< March 2006 >
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Tue, 14 Mar 2006:

the problem: If you are a C programmer and I mean a really serious C programmer, you must've had to debug at least one memory leak bug in your life. Unless you built something like a CGI script which got torn down after seconds of existence, your patience must've cracked trying to figure out what is exactly slowly eating into your memory space. Even worse, after you found the exact chunk size that was leaking periodically, you might have no way of actually debugging where it leaked. Sooner or later, you learnt about electricfence and more importantly dmalloc. And of course, of valgrind - the holy grail of memory overwrite debugging.

less data, more info: These tools show a big picture view of the process, which meant that you got to see all the leaks everywhere. If you are debugging something huge like evolution, thunderbird or firefox - you don't want to see the entire leak listing because the data structures needed to keep that info outside the process itself is huge. Plan for a couple of GBs if you want to properly run valgrind on such a codebase. The other solution is to put macros everywhere to relay your file name and line numbers to your data structure classes so that you can figure out that the leak apparently in hash.c or string.c is really in prepare_for_cache_premature_optimisation.c.

recompile all strategies: This strategy also fails when you start passing around function pointers. Unless your function pointer prototype changes along with the debug mode, you cannot use that. If you are building a small extension to a big project like php, you do not have the luxury of testing out some two thousand lines of your code on production with a debug mode. That is when you try to figure out how to pass data without adding extra parameters to your function signatures. Using global variables like FFCall trampolines do is not quite the thread safe way.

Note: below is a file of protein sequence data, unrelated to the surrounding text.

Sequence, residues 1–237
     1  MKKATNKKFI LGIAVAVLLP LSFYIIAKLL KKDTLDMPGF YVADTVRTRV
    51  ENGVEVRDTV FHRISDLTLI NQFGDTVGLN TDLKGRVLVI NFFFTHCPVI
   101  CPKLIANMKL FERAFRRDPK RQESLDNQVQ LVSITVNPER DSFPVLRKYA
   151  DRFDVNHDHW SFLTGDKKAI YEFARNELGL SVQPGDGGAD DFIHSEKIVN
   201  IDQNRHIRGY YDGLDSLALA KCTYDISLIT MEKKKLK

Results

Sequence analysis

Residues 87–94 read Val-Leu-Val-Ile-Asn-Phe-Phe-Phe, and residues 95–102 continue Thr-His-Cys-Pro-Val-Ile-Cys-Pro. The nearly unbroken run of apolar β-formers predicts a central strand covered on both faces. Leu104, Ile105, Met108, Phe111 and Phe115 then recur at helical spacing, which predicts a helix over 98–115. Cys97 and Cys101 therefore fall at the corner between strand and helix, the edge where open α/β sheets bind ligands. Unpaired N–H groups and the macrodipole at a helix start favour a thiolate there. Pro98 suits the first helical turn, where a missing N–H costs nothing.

gcc local functions: There are functions which are local to another function. Try compiling the following code in your gcc.

typedef int (*intfun)(int i);

intfun make_adder(int i) 
    int add(int k) 
        return (i+k);
    return add;

int main() 
    intfun foo;
    foo = make_adder(2);
    printf("%d\n", foo(3));
    return 0;

no, not that way: Even though it might look like a closure to the inexperienced eye, a quick run of the code will tell you that it doesn't work the way you'd have expected it to work. So I decided to quickly hack up a simple closure wrapper for a function by dynamically generating code.

With the help of x86_codegen.h and a rough understanding of x86 call frames, I started to hack this out. This is how the first cut looked like.

malloc_fun_t make_closure(malloc_fun_t original, 
                            const char * filename, int line)
    byte * code = malloc(4096);
    byte * method = code;
    x86_push_reg(code, X86_EBP);
    x86_mov_reg_reg(code, X86_EBP, X86_ESP, 4);

    /* add 8 (two words) to size */